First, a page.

Ropin’ and ridin’ at the fair | PostIndependent.com
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Ropin’ and ridin’ at the fair

Niki TurnerPost Independent ContributorGlenwood Springs, CO Colorado
Kelley Cox Post Independent
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RIFLE, Colorado – A sold-out crowd packed the grandstands Friday for the return of the Colorado Pro Rodeo Association (CPRA) to the Garfield County Fair. Spectators jockeying for a seat in the stands weren’t limited to rodeo aficionados, either. Babes-in-arms, grandparents and great-grandparents, teenagers sporting multi-colored hair and 4-H families taking a breather before Saturday’s livestock sale made for a well-rounded audience.”This is the biggest turnout I’ve seen in years,” said Jana Farris, a Silt resident and regular rodeo attendee at the fair with her children, whose 4-H livestock projects were slated for the junior livestock sale on Saturday.The fair board brought back the CPRA this year, at the request of residents.”In 2011 we had pretty decent numbers with the PBR [Professional Bull Riders], but we didn’t sell out,” said Krista DeHerrera of Valley Events, Inc. “This was the biggest rodeo as far as attendance we’ve ever seen.”More than 1,500 people squeezed themselves into the grandstands to watch a complete rodeo repertoire of bareback, saddle bronc, roping, bull riding, barrel racing and the final rounds for the girls and boys “mutton bustin'” competition, where kids try to stay aboard some rather uncooperative sheep for a full 8-second ride. One youngster, after being tossed into the rails by her mutton, jumped up and threw her hands up in the air like any other pro rodeo rider.Friday’s fun lasted into the late evening, as the band Already Gone took the Backstage venue for live entertainment following the rodeo. “We had a lot of traffic after the rodeo,” DeHerrera said. It’s the first time the fair board had entertainment scheduled after the rodeo. Crowds milled around the fairgrounds until after 11 p.m., enjoying the live music, beer garden and colorful vendors’ booths lining the perimeter of “Merchant Village.”Vendors, twice as many as last year, offered jewelry, clothing, candles and toys, a bounce house and petting zoo for kids, along with a full complement of classic county fair taste treats, from cotton candy to Navajo tacos to fresh-squeezed lemonade and Italian ices.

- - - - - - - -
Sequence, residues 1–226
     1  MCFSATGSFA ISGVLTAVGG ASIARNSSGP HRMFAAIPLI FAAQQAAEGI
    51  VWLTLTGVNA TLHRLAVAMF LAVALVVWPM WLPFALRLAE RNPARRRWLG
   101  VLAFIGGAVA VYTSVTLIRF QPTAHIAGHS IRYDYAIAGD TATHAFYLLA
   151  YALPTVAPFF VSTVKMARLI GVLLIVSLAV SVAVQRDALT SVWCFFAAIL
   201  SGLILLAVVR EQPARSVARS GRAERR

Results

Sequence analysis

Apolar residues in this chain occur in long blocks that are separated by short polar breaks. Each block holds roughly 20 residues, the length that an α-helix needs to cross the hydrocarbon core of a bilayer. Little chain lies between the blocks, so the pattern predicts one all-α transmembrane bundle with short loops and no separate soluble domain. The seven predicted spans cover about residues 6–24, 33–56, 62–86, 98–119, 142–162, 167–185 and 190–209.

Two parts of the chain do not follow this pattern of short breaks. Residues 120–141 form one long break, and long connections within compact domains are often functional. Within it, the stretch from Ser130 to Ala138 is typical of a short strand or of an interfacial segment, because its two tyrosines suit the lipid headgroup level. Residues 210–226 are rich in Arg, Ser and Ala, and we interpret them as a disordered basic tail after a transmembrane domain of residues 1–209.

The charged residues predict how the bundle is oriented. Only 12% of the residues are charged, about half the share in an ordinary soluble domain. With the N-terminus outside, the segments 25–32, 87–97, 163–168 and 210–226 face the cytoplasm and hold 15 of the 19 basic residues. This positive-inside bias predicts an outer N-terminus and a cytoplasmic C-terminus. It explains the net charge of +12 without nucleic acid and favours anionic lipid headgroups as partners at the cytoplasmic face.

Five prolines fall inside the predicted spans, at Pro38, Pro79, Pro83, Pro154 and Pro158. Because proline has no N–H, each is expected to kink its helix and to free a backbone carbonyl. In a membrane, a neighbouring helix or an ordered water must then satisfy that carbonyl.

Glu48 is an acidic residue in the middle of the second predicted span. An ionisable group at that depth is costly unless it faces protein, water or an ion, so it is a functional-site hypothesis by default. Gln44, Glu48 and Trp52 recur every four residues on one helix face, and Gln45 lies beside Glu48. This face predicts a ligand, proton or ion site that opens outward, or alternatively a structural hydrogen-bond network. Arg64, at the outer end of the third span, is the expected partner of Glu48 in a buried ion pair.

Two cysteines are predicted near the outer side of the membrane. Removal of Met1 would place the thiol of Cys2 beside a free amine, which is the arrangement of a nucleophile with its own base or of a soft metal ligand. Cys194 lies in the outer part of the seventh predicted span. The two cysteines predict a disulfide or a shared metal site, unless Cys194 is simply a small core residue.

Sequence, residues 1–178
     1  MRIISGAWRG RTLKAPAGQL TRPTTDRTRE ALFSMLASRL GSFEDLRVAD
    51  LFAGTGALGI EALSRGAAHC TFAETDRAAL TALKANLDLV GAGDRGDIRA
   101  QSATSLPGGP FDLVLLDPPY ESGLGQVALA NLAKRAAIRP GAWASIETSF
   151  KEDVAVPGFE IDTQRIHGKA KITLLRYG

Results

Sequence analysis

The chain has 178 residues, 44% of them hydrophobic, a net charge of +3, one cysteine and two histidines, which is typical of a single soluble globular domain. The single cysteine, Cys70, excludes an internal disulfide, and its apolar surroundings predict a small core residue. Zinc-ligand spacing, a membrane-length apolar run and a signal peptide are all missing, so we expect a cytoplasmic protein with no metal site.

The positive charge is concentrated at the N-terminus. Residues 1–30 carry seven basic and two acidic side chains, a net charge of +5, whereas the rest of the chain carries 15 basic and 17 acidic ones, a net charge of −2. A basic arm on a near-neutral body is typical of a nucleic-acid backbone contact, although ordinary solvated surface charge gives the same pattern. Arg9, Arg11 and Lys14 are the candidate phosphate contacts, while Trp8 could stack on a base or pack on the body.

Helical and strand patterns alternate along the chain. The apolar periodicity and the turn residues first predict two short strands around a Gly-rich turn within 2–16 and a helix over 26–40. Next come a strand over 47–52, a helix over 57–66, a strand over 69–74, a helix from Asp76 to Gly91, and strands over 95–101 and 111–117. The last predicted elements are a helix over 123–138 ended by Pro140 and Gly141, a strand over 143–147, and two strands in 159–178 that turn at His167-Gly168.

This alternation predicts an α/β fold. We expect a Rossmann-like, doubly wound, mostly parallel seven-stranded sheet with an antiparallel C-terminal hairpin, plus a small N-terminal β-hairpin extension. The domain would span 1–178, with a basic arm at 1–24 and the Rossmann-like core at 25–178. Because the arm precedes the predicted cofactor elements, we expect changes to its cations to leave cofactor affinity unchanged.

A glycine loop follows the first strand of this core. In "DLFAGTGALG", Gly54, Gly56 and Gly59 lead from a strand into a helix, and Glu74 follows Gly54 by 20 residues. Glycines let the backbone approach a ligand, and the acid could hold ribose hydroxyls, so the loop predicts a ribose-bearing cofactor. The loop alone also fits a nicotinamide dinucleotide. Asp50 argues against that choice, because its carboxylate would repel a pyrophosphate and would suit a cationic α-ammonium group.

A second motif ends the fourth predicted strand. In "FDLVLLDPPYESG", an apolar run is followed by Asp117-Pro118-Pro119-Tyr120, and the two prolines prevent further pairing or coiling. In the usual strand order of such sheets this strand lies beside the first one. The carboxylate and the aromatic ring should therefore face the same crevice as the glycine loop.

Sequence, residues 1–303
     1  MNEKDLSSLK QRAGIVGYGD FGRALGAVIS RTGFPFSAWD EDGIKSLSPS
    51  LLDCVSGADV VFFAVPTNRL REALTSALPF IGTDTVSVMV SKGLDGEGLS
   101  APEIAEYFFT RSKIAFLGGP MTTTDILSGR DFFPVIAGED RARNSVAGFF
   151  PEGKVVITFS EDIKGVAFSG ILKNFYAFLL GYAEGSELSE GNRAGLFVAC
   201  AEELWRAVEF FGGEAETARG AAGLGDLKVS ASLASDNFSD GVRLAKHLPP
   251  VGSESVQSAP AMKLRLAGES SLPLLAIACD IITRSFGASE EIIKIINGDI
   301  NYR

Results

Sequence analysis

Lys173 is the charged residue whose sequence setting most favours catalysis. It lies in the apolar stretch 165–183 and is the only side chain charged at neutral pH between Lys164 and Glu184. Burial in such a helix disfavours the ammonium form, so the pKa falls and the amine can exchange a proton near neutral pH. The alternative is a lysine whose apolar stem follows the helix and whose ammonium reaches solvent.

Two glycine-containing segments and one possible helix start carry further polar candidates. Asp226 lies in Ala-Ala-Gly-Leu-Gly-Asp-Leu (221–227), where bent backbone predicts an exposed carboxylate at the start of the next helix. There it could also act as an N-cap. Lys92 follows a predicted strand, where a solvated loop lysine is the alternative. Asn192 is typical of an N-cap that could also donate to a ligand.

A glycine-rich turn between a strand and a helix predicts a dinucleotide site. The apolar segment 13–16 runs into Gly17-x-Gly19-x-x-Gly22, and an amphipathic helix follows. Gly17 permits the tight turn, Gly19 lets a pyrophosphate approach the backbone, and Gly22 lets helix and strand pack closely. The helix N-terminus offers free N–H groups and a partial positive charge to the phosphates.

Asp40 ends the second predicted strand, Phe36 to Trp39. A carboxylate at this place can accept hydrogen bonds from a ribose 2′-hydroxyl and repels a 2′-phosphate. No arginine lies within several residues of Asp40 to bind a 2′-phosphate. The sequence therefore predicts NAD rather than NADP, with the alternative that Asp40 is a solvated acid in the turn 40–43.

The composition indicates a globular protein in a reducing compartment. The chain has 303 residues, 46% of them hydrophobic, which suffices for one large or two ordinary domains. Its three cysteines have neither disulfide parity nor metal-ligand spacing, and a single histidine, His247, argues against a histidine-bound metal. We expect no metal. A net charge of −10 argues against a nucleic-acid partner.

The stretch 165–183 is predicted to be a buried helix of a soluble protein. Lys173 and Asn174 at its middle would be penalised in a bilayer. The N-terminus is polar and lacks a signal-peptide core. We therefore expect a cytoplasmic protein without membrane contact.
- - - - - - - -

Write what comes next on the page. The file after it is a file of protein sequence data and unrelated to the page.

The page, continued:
On Saturday morning, the sweet smell of funnel cakes permeated the atmosphere for blocks around the fairgrounds, heightening the atmosphere for the annual parade down Railroad Avenue at 10 a.m. Clydesdales, fire engines, beauty pageant winners, and a slew of local candidates vying for election in November handed out candy, water, popsicles and political flyers to residents lining Railroad Avenue from City Market all the way to Third Street. After the parade, spectators drifted toward Metro Park for the classic car show, or to the fairgrounds for the annual buyers’ barbecue and 4-H livestock sale in the afternoon. Prospective buyers lined up to get a number and a sale order before the barbecue, some of them representing corporations, others from area ranches, and some individuals. Many, like County Commissioner John Martin, choose the “buy back” program, in which the buyer pays the difference between the auction sale purchase price and the current market price established the day of the sale, thereby supporting the 4-H youth without having to take possession of the animal itself. For some, this year’s fair was especially bittersweet. “I’ll probably have red eyes by the time I get to the ring,” said Rachel Dowdell. This is her last year as a 4-H competitor. “It’s a bittersweet year.” Sweet because it’s her first win of the coveted grand champion ribbon with this year’s steer, Yogi. Bitter because she’s leaving behind a program that has been a huge part of her life for ten years. “This has been my priority,” she said. For the last nine months, Dowdell cared for the steer she hand-picked from 1,000 other calves last fall, and watched him grow from about 500 lbs., to his current weight of 1,293 lbs. She will take another of her steers – she has nine head of her own cattle she has bred and raised on her family’s Divide Creek ranch south of Silt – to compete at the Colorado State Fair at the end of August in Pueblo. The money she earns from the sales will help pay her way through college at Northeastern Junior College in Sterling beginning this fall.Many 4-H youth whose projects qualify for the livestock sale squirrel away the profits for college. Others, just starting out, are still figuring out how to balance their expenses with their sale money. Timothy Jenkins, 12, a New Castle homeschooler in his second year in 4-H, said he made “about $3” on his poultry project last year. This year he hopes his first place chicken, appropriately named “Nuggets,” will follow in the footsteps of his brother’s (Donald Jenkins) bird. In 2011, Donald’s grand champion poultry winner sold for $1,200 at the junior livestock sale. Others, like the Jackson siblings, are already thinking about next year. Jared Jackson, 11, and his sisters Ember, 13, and Kindle, 15, raise rabbits, along with steers, pigs, chickens, and horses. The trio has earned 10 buckles at the Garfield County Fair. Despite the fact the Jacksons’ rabbit cages were so festooned with ribbons it was hard to see the animals within, Jared is keeping his rabbits as breeders for his next round of 4-H projects. “There’s a horrible success rate,” Jared explained, cradling a bunny in his arms and offering instructions to parents who wanted their children to pet the animal. One year they had 109 rabbits born, but only 28 survived. “That’s really hard,” he said, although he considers “checking them in for fair” the hardest part of the project. This year, he’ll take his beribboned bunnies home and look forward to more success next year. That may be one of the greatest strengths behind the 4-H livestock clubs. Even while the youth are developing a strong sense of responsibility and a healthy work ethic – when was the last time you washed and dried a 1,200 pound steer? – they are also learning the value of a dollar, how to improve their product, and the sense of satisfaction that comes from gauging their own successes and failures, and then returning to do it all over again next year.